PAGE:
Mumbai: The Reserve Bank and the government will come up with a recapitalisation package for state-run banks, which have been hit by higher provisioning for mounting bad loans, RBI Governor Urjit Patel said here today.
System level non-performing assets (NPAs) have crossed the level of sanity and banks will have to take bigger haircuts as gross NPA ratio has touched 9.6 per cent and stressed advances ratio was at 12 per cent as of March end, he said.
Besides, he said, 86.5 per cent of gross NPAs are accounted by large borrowers.
“Higher provisioning requirements for NPAs and other factors will affect capital position of several banks, necessitating a higher re-capitalisation. Government and RBI are in dialogue to prepare a pack of measures to enable state- run banks to shore up the requisite capital in a time bound manner,” Patel told a CII-organised insolvency and bankruptcy summit, chaired by Finance Minister Arun Jaitley.
The government has made a budgetary provision of pumping in Rs 75,000 crore into state-run banks for the four-year period ending March 2019.
Patel said the measures being thought through could include a combination of capital raising from markets, dilution of government holding, additional capital infusion by government, mergers based on strategic decision and sale of non-core assets.
The government and the RBI have been working together to comprehensively address the NPA issue through a multi-pronged approach for some time now and the early signs are encouraging, he said.
No successful and credible NPA resolution can happen if the banks’ balance sheets are weak as the outcome of the efforts is critically contingent on the strength of the balance sheets of lender to absorb the costs, Patel said.
State-run banks, which sit on over 75 per cent of over Rs 8 trillion (Rs 8 lakh crore) NPAs “will need to take haircuts on their current exposures under any resolution plan agreed within or outside the IBC”, he added.
This calls for urgent recapitalisation “as regulatory and economic challenges in dealing with NPAs gets accentuated when seen against the poor capital position of public sector banks,” Patel said.
He called for swift and time-bound resolution of bad loans through resolution or liquidation for efficient reallocation of bank capital.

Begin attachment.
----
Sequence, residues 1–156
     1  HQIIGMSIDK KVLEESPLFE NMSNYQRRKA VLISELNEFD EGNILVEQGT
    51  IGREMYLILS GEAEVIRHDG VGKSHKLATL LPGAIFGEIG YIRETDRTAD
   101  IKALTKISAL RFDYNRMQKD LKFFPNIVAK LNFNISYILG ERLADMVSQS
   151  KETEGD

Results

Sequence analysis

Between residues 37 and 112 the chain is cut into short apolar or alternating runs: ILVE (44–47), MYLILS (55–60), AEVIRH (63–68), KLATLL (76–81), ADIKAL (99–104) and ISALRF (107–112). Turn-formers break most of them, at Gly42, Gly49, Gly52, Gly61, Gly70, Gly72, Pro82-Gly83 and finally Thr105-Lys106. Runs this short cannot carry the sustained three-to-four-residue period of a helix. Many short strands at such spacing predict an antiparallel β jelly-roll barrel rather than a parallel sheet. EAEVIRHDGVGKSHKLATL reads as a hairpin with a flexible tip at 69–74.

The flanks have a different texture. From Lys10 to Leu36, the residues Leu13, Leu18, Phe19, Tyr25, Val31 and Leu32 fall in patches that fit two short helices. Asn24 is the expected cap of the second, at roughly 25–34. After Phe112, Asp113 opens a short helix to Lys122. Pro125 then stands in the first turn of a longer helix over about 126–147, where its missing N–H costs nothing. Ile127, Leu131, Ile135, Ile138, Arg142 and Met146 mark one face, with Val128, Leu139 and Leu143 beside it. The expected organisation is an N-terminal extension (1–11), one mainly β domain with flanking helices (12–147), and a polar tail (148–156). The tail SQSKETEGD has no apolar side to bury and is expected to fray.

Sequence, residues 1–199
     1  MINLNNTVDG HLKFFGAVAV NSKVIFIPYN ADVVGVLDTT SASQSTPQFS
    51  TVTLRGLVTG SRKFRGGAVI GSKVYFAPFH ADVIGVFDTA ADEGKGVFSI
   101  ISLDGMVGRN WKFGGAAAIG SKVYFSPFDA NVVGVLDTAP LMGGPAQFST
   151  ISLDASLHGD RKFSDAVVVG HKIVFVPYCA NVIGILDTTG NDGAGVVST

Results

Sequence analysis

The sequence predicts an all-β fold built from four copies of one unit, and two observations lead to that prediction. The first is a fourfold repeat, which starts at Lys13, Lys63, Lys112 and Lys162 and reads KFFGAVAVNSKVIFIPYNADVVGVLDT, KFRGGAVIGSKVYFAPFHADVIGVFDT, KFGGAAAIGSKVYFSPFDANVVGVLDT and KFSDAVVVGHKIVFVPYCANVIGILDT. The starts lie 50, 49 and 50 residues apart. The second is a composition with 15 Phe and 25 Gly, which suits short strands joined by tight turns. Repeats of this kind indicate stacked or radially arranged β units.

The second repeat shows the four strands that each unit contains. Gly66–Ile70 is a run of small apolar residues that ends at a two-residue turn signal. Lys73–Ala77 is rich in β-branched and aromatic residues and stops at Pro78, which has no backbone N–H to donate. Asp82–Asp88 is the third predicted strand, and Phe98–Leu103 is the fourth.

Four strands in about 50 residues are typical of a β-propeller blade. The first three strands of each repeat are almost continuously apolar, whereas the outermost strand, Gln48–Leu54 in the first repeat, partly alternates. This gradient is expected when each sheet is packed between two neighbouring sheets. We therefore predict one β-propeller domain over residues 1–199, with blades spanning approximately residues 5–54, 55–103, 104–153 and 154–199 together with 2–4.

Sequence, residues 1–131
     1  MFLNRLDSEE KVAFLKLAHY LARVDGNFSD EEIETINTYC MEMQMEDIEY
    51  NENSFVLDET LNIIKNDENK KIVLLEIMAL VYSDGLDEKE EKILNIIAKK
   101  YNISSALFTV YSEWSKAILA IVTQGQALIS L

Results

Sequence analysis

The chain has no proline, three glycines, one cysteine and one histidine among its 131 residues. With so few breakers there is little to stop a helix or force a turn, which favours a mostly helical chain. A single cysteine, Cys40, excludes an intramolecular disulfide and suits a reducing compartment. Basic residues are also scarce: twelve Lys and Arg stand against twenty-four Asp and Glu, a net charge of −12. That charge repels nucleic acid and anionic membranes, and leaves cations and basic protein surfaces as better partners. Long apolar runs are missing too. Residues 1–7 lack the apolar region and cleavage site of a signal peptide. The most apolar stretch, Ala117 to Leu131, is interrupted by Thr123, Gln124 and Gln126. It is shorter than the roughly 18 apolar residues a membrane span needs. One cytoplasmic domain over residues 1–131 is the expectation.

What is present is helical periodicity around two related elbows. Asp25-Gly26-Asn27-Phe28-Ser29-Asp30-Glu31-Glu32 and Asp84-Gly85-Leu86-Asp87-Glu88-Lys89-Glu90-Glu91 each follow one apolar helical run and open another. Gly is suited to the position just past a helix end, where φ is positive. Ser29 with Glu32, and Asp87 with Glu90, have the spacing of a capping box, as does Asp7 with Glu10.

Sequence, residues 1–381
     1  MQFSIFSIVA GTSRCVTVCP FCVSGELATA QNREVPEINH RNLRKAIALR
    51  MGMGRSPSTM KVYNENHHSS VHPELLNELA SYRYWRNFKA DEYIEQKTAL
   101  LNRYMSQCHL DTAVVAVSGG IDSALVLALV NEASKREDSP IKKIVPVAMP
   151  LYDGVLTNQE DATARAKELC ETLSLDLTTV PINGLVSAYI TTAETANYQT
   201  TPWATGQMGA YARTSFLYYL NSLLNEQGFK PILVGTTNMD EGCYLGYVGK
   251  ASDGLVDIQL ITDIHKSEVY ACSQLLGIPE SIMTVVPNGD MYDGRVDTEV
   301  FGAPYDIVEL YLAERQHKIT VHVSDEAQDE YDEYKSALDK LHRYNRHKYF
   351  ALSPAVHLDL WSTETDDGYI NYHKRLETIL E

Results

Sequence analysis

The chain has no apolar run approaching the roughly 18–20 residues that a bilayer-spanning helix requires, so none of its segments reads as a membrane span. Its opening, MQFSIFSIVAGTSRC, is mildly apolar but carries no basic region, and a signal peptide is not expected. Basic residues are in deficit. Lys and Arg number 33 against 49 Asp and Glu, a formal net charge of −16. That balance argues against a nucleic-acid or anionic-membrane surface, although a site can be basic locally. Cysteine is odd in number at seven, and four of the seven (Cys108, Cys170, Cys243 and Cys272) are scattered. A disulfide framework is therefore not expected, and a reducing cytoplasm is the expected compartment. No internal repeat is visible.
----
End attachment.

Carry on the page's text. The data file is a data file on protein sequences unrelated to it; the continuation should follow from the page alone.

It is critical for de-logging balance sheets of over- leveraged companies, Patel said, admitting that the balance sheet of most state-run banks are not healthy enough to take large haircuts.
On June 13, the RBI had drawn up a list of 500 largest defaulters and made public 12 of the largest among the larger list and asked banks to get these accounts cleared through the National Company Law Tribunal.
These 12 accounts comprise Bhushan Steel, Bhushan Power & Steel, Essar Steel, Lanco Infra, Amtek Auto, Electrosteel Steel, Jaypee Infra, Alok Industries and Jyoti Structures, Era Infrastructure, ABG Shipyard and Monet Ispat which together account for over a quarter of the total bad loans of Rs 8 trillion of which Rs 6 trillion are with public sector banks alone.
These accounts have an exposure of more than Rs 5,000 crore each, with 60 per cent or more classified as bad loans by banks as of March 2016. Accordingly the banks have taken these 12 companies to NCLT and the hearing on them is on.
Patel also said being referred for the insolvency process under the IBC does not necessary mean that the company is being liquidated.
“It simply puts a timeline within which various stakeholders have to come up with a feasible resolution plan approved by 75 per cent of creditors. Only if this effort fails, would the entity end up for liquidation,” Patel said.
But the Governor was quick to apportion the NPA pains to banks, saying that a weak credit discipline – right from the appraisal to sanction stage – is one of the main known systematic factors in the build-up of stressed assets.